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A Dinosaur That Gave the World the Finger

Linhenykus monodactylus Julius T. Csotonyi

Chinese paleontologists have found the first single-digit dinosaur in Inner Mongolia.

The dinosaur was a theropod, part of a class of two-legged carnivores that early on in its history had four fingers on each hand. But as time went on, the evolution of these animals was accompanied by the loss of fingers. For instance, Tyrannosaur Rex, which also was a theropod, only had two fingers. In this case, the Linhenykus monodactylus, as it was called, belonged to a family group noted by one large finger next to a couple of quasi-functional nubs.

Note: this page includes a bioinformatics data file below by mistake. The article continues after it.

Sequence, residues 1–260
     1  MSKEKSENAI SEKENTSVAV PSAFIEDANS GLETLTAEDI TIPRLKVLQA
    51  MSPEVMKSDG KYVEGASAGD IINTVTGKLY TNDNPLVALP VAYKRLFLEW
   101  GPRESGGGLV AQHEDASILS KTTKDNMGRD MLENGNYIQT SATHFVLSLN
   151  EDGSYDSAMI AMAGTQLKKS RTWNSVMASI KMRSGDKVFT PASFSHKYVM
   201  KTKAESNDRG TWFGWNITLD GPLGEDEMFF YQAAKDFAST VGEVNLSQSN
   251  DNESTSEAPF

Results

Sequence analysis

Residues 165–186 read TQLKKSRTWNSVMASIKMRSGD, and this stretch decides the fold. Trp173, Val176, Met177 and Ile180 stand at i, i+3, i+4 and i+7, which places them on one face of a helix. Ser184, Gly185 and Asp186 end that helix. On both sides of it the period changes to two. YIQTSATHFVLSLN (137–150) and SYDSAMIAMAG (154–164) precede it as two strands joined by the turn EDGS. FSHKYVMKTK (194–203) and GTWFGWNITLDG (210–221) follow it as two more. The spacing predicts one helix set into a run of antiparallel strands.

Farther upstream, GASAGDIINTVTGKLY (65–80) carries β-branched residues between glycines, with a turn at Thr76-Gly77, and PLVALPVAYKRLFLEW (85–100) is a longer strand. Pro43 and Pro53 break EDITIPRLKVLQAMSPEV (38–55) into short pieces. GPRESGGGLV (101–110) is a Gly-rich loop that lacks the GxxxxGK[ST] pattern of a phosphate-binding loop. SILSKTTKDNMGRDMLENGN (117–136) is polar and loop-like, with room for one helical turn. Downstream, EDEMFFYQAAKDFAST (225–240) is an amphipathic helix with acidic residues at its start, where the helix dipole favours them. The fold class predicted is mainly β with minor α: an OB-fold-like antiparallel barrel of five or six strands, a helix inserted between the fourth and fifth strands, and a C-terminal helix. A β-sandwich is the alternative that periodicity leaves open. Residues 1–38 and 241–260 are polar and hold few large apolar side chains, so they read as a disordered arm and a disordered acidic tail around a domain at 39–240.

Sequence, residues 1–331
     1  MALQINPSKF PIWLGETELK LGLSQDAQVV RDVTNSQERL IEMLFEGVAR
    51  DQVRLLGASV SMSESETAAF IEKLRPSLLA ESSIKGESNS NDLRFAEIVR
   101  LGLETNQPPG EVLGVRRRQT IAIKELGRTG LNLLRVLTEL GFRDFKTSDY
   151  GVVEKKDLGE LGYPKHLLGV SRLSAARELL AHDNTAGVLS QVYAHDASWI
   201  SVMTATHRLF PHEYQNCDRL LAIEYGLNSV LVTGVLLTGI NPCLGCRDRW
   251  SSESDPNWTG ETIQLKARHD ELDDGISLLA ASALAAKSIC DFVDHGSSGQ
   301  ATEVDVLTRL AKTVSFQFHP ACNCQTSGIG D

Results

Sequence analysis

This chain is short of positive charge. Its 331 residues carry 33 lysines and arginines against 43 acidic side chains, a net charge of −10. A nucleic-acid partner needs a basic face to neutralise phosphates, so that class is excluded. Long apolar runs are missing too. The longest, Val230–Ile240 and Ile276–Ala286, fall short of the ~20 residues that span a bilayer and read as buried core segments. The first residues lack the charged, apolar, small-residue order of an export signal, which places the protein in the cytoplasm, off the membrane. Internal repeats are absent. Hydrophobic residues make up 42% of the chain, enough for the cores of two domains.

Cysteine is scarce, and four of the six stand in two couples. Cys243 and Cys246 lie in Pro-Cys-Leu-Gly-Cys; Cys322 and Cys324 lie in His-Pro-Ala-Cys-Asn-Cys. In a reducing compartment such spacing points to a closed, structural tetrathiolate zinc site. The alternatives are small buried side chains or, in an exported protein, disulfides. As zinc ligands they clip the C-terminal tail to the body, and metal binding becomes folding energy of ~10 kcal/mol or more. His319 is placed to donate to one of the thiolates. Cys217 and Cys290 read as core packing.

Paleontologists believe that the dinosaur lived between 84 million and 75 million years ago. It was also thought to be quite small, weighing about one pound and measuring perhaps 15 inches long from head to tail.

The announcement of the discovery was made in this week's Proceedings of the National Academy of Sciences.